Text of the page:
By Aakansha Veenapani
Artwork by Shridhi Pandya
Last week, a cook at my aunt’s house groped the nanny who also lived there. While expressing horror at the event and disbelief at his brazenness – my aunt lamented: “well, you know, I have noticed that she’s been a bit too friendly with him lately…” I was taken back by surprise – “my aunt who is usually so even-keeled, objective, and progressive was victim-blaming?!” Victim-blaming: that ugly creature that often rears its head – either in day-to-day conversations or in the media – when it comes to stories of violence, especially sexual violence:
“Did she have to go watch a movie at 11 in the night with her friend?”
“Was there alcohol involved?”
“Why didn’t you come forward sooner?”
These are real reactions to very real incidents of assault – and such comments know no boundaries, from India’s commentators responding to Nirbhaya (the fearless Jyoti Singh) or Americans reacting to Emily Doe (the courageous Chanel Miller). I have always been disdainful and dismissive of people who spout such statements in the media. “Typical,” I think, “typical patriarchy blaming the woman, giving men all the power”
But when this milder, more subtle, more unconscious form of victim-blaming occurred, I had to stop and think. What exactly is victim-blaming and why does it happen? Is it just emanating from the patriarchal overtones I ascribed to it or is there a deeper, more psychological reason behind it?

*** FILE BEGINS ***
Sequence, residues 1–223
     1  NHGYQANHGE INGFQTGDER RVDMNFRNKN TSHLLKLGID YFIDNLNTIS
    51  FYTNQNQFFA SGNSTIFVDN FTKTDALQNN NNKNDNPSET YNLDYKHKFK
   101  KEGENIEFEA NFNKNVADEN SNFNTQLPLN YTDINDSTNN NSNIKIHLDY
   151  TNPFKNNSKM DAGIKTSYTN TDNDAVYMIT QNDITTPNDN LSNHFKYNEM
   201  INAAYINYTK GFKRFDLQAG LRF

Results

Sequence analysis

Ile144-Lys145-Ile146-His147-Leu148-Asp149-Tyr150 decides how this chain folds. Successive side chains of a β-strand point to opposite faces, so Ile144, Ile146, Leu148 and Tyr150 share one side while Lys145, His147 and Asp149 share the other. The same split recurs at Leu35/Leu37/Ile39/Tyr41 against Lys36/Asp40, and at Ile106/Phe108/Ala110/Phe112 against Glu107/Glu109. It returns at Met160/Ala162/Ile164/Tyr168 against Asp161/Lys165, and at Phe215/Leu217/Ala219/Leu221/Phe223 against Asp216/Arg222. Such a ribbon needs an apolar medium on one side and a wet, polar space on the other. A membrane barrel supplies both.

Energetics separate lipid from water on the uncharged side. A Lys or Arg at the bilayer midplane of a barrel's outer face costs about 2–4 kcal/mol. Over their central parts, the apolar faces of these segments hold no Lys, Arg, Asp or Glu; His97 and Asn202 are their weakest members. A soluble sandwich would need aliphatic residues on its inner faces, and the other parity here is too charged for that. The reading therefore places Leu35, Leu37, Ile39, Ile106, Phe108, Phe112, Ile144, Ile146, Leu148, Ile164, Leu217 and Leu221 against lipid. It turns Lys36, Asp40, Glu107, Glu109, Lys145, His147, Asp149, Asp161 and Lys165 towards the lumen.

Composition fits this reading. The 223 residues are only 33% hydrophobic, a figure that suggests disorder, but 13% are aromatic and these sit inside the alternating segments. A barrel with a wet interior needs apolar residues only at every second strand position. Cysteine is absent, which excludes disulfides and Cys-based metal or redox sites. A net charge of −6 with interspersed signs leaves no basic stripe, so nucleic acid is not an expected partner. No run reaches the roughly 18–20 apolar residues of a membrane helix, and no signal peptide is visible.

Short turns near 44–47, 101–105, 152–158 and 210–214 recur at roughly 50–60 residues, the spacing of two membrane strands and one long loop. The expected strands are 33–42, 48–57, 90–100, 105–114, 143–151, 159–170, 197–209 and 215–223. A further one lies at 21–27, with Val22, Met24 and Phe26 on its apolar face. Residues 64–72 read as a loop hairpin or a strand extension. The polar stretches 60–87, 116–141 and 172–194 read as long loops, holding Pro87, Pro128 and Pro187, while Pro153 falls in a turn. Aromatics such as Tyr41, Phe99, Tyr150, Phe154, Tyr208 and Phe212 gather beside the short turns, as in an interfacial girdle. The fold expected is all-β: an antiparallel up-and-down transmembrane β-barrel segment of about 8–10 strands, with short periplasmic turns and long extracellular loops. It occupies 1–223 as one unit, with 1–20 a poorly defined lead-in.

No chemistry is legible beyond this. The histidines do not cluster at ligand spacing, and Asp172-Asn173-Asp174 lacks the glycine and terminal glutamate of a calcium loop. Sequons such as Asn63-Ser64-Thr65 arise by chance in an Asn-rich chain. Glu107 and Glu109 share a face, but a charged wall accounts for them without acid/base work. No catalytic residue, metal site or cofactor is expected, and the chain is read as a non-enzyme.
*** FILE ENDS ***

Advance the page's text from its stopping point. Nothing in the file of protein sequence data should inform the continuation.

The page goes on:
What is victim-blaming?
While victim-blaming may not be a default instinct we all possess – it is, nonetheless, a common phenomenon. Even when it comes to non-sexual crimes. If you hear about someone’s home being burglarized – does it make you feel slightly better to learn that the door was accidentally left unlocked on that day? Or perhaps that the burglar was someone who the family had wronged or treated badly? Knowing that little fact allows you to believe that the world is, ultimately, safe and in our control – we can prevent bad things if only we do the right thing.
That, in its essence, is why victim-blaming occurs.
“I think the biggest factor that promotes victim-blaming is something called the just-world hypothesis,” says Sherry Hamby, a professor of psychology at the University of the South and the founding editor of the APA’s Psychology of Violence journal.
The desire to see the world as just and fair is pre-wired into us: whether it be the concept of Karma in Hinduism (simply understood, it means: you get what you deserve) or Bàoyìng in Chinese folk religion (reduced to a kernel, it means: the universe is moral and bad people get moral retribution via bad things happening to them)